A health worker prepares a syringe with a vaccine against measles. File picture: Leo Correa/AP

Manila - The health department in the Philippines announced on Thursday an outbreak of measles in the Manila metropolitan area and other regions that has caused 22 deaths.

Health Secretary Francisco Duque III blamed the high number of cases on low vaccination rates among children due to a scare trigger by a controversial government dengue vaccine programme in 2017.

The Department of Health (DOH) said Wednesday there had been 441 cases measles in the Manila metropolitan area as of January 26, compared to 36 cases in 2018.

On Thursday, Duque declared that there was also outbreak in central and southern Luzon and in central and western Visayas.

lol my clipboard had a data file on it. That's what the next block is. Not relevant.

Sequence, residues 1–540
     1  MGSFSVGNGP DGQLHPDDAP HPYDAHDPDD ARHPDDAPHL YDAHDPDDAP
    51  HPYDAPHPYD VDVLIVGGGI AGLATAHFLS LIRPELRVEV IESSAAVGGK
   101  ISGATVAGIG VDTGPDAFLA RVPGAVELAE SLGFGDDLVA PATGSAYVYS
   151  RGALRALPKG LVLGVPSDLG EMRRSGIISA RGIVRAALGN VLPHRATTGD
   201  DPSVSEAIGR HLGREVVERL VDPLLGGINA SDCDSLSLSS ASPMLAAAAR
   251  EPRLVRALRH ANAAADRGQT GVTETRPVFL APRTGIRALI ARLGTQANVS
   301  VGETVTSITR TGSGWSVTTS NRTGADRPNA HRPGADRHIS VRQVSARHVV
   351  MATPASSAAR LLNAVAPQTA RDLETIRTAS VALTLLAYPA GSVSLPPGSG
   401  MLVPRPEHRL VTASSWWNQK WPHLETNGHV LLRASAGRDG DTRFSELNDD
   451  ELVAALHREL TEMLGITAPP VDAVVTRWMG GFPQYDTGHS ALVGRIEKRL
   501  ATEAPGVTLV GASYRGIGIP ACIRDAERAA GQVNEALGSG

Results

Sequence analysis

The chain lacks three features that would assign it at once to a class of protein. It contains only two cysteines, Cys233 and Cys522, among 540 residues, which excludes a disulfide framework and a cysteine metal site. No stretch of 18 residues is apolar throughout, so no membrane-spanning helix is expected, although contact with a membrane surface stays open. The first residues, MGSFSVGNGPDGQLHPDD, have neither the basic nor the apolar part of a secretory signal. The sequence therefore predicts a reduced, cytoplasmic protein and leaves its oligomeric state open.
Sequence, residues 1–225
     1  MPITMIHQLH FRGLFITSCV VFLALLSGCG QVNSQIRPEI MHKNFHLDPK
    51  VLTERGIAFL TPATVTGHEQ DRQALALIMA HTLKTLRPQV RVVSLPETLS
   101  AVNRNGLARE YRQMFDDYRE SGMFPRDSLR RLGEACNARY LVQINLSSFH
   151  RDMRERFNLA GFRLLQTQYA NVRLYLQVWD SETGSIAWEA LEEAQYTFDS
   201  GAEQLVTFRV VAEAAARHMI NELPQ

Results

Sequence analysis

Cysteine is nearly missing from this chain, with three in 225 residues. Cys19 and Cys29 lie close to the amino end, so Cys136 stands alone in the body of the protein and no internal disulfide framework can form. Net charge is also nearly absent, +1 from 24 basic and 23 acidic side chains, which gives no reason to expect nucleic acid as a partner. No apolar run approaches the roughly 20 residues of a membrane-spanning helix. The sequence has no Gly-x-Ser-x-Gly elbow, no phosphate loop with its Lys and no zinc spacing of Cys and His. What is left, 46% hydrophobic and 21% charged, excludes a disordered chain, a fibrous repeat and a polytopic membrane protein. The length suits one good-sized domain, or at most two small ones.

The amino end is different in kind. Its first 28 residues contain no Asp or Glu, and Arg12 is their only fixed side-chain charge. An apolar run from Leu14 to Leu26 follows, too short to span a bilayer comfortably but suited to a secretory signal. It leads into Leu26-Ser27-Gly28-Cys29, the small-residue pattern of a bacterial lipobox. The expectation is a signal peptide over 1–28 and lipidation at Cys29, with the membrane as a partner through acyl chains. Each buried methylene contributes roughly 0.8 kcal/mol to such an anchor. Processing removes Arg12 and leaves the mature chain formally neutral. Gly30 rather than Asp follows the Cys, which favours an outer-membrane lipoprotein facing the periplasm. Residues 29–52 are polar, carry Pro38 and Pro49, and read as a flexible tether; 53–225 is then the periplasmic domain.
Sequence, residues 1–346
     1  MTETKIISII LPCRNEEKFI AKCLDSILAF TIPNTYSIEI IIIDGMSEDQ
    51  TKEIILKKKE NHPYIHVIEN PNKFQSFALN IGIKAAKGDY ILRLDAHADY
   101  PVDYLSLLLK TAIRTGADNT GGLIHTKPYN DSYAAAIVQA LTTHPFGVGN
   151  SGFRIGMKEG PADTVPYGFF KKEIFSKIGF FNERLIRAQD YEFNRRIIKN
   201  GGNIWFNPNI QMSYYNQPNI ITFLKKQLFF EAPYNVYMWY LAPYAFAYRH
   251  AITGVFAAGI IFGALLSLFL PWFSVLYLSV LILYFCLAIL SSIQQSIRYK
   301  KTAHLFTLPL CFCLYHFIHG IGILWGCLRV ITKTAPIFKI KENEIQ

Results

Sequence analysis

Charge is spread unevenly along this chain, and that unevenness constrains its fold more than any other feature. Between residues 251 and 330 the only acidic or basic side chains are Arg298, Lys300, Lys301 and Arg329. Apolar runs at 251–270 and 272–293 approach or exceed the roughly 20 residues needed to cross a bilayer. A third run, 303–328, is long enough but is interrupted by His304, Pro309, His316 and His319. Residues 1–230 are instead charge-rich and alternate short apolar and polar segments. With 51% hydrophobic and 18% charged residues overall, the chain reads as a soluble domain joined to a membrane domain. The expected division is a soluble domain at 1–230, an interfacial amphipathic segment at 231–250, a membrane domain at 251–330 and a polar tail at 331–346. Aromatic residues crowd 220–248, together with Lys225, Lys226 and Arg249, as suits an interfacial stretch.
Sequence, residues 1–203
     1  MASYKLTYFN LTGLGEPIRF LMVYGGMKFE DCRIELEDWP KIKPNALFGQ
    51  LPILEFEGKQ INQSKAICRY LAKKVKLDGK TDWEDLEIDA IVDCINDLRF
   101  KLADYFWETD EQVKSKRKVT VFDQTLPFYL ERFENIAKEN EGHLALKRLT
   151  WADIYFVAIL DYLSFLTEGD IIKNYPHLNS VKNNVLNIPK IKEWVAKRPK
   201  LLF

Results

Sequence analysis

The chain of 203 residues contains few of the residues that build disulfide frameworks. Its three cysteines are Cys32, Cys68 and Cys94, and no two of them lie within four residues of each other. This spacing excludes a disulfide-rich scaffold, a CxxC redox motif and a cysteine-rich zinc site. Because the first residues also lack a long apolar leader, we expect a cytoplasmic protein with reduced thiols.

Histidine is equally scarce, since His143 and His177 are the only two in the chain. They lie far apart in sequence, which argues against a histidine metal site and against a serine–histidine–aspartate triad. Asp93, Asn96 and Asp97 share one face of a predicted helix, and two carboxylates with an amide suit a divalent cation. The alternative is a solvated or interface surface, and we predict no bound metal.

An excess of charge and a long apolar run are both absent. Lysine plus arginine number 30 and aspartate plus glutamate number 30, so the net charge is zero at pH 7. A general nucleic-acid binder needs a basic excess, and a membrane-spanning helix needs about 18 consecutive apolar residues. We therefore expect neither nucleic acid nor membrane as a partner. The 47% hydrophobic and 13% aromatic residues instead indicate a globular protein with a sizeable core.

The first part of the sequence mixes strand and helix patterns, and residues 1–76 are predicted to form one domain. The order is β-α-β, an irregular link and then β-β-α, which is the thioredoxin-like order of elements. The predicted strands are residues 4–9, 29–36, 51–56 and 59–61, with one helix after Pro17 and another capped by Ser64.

"These regions need to scale up their response against measles and have all unvaccinated children vaccinated against measles, a proven effective and safe measure to further stop its spread," Duque said.

He said that Calabarzon - a collective name for the provinces of Cavite, Laguna, Batangas, Rizal and Quezon - had the highest number of measles cases at 575, including nine deaths. In Metro Manila, meanwhile, there were five deaths, and in Luzon, there were 192 cases and four deaths.

The DOH said there was "low vaccine coverage because of the Dengvaxia scare."

In 2017, French firm Sanofi Pasteur disclosed that the Dengvaxia dengue vaccine posed risks to people who had not been infected before immunization. This prompted the DOH to suspend its immunization programme, which was launched by President Benigno Aquino III.

dpa